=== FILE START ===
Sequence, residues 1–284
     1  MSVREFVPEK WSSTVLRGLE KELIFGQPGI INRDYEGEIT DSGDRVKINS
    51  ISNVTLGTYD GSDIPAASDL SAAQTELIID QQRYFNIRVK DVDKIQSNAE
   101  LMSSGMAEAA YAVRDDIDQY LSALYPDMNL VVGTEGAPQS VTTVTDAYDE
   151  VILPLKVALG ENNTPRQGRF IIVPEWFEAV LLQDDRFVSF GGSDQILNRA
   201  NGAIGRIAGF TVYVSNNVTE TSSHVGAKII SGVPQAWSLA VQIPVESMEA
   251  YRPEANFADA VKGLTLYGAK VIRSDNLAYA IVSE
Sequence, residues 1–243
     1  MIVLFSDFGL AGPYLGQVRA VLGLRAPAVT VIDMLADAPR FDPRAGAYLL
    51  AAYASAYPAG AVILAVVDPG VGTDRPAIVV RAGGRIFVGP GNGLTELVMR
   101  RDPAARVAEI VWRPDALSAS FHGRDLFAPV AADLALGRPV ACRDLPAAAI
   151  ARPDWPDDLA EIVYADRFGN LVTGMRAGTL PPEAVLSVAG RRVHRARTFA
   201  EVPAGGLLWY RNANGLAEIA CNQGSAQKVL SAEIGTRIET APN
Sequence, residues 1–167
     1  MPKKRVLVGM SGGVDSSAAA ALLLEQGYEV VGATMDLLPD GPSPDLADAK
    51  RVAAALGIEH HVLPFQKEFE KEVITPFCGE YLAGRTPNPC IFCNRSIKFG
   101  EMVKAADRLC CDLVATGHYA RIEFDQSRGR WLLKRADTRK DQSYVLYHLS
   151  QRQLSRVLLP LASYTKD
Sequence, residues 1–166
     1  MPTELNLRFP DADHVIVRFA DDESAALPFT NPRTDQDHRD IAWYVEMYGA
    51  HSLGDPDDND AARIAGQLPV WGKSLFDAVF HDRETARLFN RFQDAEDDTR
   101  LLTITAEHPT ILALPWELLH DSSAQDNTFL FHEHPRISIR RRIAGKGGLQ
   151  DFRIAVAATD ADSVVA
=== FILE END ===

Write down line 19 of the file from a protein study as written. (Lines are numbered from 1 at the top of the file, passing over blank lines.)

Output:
Sequence, residues 1–166